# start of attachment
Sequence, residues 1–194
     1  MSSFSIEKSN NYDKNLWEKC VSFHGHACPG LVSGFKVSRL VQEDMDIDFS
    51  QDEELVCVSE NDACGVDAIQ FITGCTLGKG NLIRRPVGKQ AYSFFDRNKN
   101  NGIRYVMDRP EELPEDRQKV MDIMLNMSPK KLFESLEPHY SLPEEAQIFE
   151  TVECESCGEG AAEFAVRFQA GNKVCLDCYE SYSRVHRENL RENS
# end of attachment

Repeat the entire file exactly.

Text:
Sequence, residues 1–194
     1  MSSFSIEKSN NYDKNLWEKC VSFHGHACPG LVSGFKVSRL VQEDMDIDFS
    51  QDEELVCVSE NDACGVDAIQ FITGCTLGKG NLIRRPVGKQ AYSFFDRNKN
   101  NGIRYVMDRP EELPEDRQKV MDIMLNMSPK KLFESLEPHY SLPEEAQIFE
   151  TVECESCGEG AAEFAVRFQA GNKVCLDCYE SYSRVHRENL RENS